When we hear the name Madagascar we generally think about the fun and frolic movie Madagascar and of course lemurs, but this beautiful island is so much more. This huge island is located on the southeast coast of Africa. With an abundance of flora and fauna, this place is perfect for those who want to rejuvenate themselves. Sometimes also referred to as the eight continents by scientists here are 8 things you can do when on this exotic island!
Formally known as the French Tananarive, this is the largest city and the capital of Madagascar. This vibrant and exotic city is divided into 3 parts that are: the downtown (ancient swamp), the intermediate level (known as “Plateau du Colbert” and situated in the heart of the cliffs, and the age-old city in upper town (“La Haute Ville”), where Palaces (Queen’s palace, ancient Prime Minister Rainilaiarivony palace, ancient Justice palace), cathedrals, churches and the residential region of ancient noblemen families are present.
Situated on the northwest coast is Madagascar’s busiest and biggest tourist destination, Nosy Be. You will experience tropical climate here which makes it the perfect destination for beachy bums along with the perfect location. The water here stays shallow for miles making it the perfect swimming destination. The tranquility and calmness of these beaches will calm your body, mind, and soul.
Ranomafana National Park
Probably the most famous park of Madagascar, it holds great importance to the natives as well as the world as it is the home to the golden bamboo lemur. The park was constructed in 1991 after the discovery of this rare species in the year 1986. Get in the deep woods of this lush jungle where generally visitors do not travel to experience wildlife up close like never before!
Instead of the usual land route you can also explore this island through river tour by pirogue or canoe in the Tsiribihina river. You can book a tour which will not just take you around the island but you can also camp on the riverbank and cook in open to experience the true feeling of living in the wild which will make you feel more inclined towards mother nature.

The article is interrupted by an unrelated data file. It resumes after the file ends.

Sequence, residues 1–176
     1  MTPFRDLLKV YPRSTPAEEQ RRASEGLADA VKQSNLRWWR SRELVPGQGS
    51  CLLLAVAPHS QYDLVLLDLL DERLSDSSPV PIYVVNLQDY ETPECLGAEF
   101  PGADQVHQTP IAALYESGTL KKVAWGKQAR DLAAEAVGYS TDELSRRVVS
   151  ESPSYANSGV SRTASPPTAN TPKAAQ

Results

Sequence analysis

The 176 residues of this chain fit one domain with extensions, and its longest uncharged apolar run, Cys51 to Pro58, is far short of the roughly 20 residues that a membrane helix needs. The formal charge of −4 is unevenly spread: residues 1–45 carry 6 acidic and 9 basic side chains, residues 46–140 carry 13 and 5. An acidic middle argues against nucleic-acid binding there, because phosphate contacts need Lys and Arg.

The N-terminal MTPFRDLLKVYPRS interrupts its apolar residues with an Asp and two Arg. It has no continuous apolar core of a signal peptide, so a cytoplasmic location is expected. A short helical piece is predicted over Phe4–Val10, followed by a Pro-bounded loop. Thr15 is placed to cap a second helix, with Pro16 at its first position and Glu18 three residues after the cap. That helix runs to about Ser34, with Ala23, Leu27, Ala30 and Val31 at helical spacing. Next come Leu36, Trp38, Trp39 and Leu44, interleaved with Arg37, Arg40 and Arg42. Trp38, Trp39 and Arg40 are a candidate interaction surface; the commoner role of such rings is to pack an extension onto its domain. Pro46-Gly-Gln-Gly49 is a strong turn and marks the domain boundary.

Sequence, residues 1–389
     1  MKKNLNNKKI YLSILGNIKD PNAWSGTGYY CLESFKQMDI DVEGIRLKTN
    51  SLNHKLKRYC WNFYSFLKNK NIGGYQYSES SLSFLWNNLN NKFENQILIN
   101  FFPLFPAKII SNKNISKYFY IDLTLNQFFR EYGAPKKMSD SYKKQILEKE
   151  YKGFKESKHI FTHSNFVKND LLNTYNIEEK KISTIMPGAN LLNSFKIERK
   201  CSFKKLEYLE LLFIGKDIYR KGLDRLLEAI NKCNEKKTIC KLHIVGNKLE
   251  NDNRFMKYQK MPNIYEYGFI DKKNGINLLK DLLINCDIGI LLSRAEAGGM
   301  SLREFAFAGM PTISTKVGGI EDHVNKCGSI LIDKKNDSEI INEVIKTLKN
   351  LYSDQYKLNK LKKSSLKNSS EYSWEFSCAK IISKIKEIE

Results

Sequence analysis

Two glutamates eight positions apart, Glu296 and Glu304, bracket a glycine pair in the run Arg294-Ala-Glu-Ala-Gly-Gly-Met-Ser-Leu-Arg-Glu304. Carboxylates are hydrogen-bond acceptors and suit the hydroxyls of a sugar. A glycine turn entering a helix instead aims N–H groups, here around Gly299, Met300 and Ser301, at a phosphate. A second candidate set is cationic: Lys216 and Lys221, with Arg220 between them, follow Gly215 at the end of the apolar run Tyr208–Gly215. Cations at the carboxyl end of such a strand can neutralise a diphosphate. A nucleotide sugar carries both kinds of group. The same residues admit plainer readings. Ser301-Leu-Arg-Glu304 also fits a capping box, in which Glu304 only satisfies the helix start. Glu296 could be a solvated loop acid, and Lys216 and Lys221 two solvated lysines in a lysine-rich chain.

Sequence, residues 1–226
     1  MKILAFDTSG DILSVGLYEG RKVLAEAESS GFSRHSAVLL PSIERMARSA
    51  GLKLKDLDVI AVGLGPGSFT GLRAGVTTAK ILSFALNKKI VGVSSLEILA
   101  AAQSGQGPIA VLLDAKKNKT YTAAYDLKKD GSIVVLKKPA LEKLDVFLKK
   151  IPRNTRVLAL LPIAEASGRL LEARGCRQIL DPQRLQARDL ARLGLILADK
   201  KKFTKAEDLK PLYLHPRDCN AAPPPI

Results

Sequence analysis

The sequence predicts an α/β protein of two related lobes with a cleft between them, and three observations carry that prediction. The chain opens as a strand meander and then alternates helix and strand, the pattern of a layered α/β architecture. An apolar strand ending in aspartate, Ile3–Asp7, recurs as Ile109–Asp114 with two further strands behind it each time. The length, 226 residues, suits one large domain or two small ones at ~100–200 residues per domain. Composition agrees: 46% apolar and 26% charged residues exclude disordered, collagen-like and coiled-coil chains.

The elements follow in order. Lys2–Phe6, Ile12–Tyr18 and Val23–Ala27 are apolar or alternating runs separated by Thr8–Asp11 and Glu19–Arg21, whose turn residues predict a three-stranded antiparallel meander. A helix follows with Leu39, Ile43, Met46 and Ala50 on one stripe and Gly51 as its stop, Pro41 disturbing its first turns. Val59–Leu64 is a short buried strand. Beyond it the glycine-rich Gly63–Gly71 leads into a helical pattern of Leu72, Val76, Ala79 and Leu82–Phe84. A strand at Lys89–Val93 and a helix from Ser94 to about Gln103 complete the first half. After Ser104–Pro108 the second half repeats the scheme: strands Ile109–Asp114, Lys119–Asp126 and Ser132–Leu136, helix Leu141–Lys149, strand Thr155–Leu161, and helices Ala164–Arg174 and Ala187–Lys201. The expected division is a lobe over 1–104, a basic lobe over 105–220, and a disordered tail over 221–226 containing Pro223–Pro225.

The Avenue of the Baobabs
This unique place is a group of around 20-25 Baobab trees situated alongside the dirt road between Morondava and Belon’i Tsiribihina in the Menabe region towards the western region of Madagascar. The unique landscape attracts tourists from all over the world who come to witness this unusual route. It was also declared of being in a temporary protected status in July 2007 by the Ministry of Environment, Water and Forests, which can be said is the first step towards making this a heritage monument.
Isalo National Park
Home to Madagascar’s most breathtaking scenic views and also sometimes referred to as the Jurassic Park is the Isalo National Park. If you are a wildlife lover this place is the best to see ring-tailed lemurs and white sifakas in live action and their natural habitat. Apart from this, the park’s scenic view includes eroded sandstone in its ruined formations which fate long back till the Jurassic period, deep canyons with riparian forests, palm-lined oases, fire-resistant Tapia forests, and open grasslands which are something you surely can’t miss!
Andasibe National Park
A 3-hour drive east of Antananarivo will take you to the Andasibe National Park, it is one of the highly protected areas in entire Madagascar. The park is divided into two levels: The Mantadia Park and the Analamazaotra reserve of Indri. The park boasts of 11 species of lemurs out of which the largest, the Indri, is easily spotted because of its loud and spectacular shrieks. The park is the best place to see them in their natural habitat. The park also has various species of birds, reptiles, insects, and batrachians along with an abundance of tropical vegetation like ferns, epiphytes, sacred creepers, orchids and dwarf palm trees.
Tsingy de Bemaraha
The last addition in Madagascar’s wildlife parks is the Tsingy de Bemaraha which was opened in 1998. The huge 152,000ha Bemaraha is known for its limestone peaks that even reach up to the height of 150 feet. The park is also rich with flora and fauna as it is also the home to 11 different species of lemurs including the unique Decken’s sifaka, The Red-fronted brown lemurs along with the endangered and protected Madagascar fish-eagle. Don’t forget to visit the magnificent Manambola river canyon while you are here!